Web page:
Faulkner won the “Frack Master” nickname from the trade publication Oil & Gas Monitor. He wrote for the publication as well. In 2012, he bylined a piece titled “Oil and Gas Best Kept Secrets: Secrets of Oil and Gas Investments for the Average Individual,” which offered, ironically, a guide on how not to be misled by energy companies.
The memorable moniker was used consistently by news anchors introducing him to their audiences. CNN anchor Richard Quest highlighted its significance in January during a segment with Faulkner.
“The Frack Master,” Quest said, “that name will stick with you forever.”
The mechanisms Faulkner deployed to become a go-to guest are time-proven. Beneath the layers of marketing and advertising rest public relations specialists, professionals trained in consumer behavior and media patterns.
Around 2012, Faulkner hired a publicist, the New Jersey-based Ann L. Stephenson Group.
Ann Stephenson, co-owner of the former agency, said Faulkner and her team formed a well-organized, aggressive pursuit of media interviews by sending news releases and emails to news outlets. Faulkner and Breitling also bought advertisements on the radio and in newspapers.
“He was looking for a PR group, and he was an excellent spokesman,” Stephenson said.
They tried several strategies.
Stephenson said Faulkner suggested they produce a film exploring the basics of hydraulic fracturing. During winter 2013, Faulkner hired veteran filmmaker Robin Bossert to direct Breaking Free: The Shale Rock Revolution. By summer 2014, the movie was edited and ready for release.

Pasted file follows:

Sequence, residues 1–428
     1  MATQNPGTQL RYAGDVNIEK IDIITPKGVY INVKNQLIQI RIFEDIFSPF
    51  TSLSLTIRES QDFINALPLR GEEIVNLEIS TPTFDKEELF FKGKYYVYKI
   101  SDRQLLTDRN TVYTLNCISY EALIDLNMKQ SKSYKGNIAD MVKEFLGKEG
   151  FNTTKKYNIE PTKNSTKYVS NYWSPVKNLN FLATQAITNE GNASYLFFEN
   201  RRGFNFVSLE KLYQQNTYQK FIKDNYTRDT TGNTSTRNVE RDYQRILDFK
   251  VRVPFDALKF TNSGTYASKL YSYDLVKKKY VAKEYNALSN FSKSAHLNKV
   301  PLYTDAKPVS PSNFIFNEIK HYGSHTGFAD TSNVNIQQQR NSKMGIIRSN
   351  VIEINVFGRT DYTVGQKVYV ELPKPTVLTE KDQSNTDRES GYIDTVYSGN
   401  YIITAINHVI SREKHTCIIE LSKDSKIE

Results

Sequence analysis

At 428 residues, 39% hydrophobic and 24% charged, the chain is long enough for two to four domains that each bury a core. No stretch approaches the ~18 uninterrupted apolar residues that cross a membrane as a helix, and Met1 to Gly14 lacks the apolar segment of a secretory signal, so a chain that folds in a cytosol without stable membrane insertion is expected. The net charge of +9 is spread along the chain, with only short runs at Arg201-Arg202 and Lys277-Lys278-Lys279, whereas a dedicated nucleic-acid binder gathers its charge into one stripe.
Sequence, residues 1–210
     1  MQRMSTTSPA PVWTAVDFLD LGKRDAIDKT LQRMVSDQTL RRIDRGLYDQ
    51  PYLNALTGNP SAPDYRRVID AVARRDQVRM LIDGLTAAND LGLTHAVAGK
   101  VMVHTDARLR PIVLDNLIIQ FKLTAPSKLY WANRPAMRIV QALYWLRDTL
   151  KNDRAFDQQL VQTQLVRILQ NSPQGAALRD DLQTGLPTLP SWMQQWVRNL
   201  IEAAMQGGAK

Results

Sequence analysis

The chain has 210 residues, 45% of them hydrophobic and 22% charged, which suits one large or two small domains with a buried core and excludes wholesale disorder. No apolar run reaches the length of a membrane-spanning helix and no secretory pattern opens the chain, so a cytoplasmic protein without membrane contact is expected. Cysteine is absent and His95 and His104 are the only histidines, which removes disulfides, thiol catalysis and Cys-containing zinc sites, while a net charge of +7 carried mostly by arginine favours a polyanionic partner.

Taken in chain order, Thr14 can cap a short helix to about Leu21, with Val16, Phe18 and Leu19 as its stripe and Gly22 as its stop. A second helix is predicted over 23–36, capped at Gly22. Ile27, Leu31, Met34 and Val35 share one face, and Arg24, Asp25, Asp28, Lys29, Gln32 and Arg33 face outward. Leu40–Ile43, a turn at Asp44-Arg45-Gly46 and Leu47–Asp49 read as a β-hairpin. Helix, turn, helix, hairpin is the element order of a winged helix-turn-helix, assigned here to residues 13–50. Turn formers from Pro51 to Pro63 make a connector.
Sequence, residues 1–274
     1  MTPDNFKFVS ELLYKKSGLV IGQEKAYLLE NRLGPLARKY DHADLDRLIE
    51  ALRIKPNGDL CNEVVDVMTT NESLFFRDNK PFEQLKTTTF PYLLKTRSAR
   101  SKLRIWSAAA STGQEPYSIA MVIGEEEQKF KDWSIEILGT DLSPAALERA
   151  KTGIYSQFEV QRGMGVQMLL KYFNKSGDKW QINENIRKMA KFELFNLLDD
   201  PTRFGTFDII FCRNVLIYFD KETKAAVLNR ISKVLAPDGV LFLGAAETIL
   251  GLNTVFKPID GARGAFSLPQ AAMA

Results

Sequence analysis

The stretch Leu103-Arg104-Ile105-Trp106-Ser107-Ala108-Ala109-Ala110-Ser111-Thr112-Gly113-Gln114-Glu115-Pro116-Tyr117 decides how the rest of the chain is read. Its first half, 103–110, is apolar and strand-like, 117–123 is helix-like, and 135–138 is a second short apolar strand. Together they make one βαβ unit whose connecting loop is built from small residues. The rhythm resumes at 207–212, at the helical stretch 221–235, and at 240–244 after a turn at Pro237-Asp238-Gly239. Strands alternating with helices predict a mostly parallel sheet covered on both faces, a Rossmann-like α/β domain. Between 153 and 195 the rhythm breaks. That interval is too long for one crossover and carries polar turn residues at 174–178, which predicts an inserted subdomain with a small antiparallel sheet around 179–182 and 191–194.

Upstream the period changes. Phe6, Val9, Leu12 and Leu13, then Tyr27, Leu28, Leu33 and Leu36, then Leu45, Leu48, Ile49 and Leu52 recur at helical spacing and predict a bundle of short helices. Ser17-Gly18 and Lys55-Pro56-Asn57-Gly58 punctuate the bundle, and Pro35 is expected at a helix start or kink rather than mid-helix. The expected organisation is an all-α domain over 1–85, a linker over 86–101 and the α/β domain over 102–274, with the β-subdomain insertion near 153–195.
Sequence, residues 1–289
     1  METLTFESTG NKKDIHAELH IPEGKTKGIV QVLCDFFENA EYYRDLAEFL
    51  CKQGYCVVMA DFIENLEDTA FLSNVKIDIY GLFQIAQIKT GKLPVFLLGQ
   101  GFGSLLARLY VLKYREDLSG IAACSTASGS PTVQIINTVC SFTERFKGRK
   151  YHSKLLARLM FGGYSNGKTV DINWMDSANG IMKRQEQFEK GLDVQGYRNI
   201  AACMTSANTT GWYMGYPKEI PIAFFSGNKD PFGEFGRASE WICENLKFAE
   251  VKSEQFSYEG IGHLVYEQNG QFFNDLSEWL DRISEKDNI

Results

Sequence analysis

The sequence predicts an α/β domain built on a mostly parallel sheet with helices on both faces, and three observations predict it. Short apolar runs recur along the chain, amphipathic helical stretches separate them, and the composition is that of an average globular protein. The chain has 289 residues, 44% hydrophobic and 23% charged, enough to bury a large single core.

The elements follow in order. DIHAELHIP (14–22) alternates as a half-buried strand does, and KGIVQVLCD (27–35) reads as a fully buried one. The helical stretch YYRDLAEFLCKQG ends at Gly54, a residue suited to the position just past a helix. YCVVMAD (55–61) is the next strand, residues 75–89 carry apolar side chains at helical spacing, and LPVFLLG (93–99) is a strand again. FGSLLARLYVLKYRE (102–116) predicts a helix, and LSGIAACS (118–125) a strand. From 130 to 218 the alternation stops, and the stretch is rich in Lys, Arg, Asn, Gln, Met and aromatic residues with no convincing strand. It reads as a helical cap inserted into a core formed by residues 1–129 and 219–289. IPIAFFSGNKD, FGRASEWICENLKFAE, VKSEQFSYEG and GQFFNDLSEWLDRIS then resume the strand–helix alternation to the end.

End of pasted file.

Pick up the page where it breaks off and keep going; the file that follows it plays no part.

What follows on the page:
The movie features scientists, oil and gas researchers, Texas politicians and families who said they’d benefited from companies drilling on their land. It is available online, including on iTunes, Amazon and Google Play. The film did not reach theaters. Bossert said the documentary was rejected by every film festival except the Boston Film Festival.
Stephenson said she also suggested to Faulkner that he publish a book.
Faulkner agreed and began assembling The Fracking Truth: America’s Energy Revolution: The Inside, Untold Story in 2012. The hardback took about two years to finish. In it, he laid out some of the same arguments he made in TV news segments aired around the world.
From 2012 to 2015, Breitling bought ads that ran three times a day during the weekdays on KRLD-AM (1080), CBS’ Dallas-Fort Worth radio station, for his “Oil & Gas Today” segments. Faulkner gave short commentary about energy reports and other industry news, as well as explanations of fracking.
When he made it to TV, he played his Texas oilman role to the hilt, wearing pinstriped suits and cowboy boots. In a segment for The Weather Channel, Faulkner stood on a drill site somewhere in West Texas answering questions about fracking and a recent spate of earthquakes.
Joe Simo was Breitling’s in-house geologist. He said Faulkner had a pretty good grasp of the business, even as prices were crashing.
“Faulkner is a very intelligent guy,” he said. “I have no problem saying that. This is just greed.”
The company finances unraveled faster than Faulkner’s media-driven reputation. In December, months before the government accused it of being a fraud, a Dallas County judge ordered Breitling to pay $172,768 to CBS Radio Texas Inc. for failing to pay KRLD for the ads.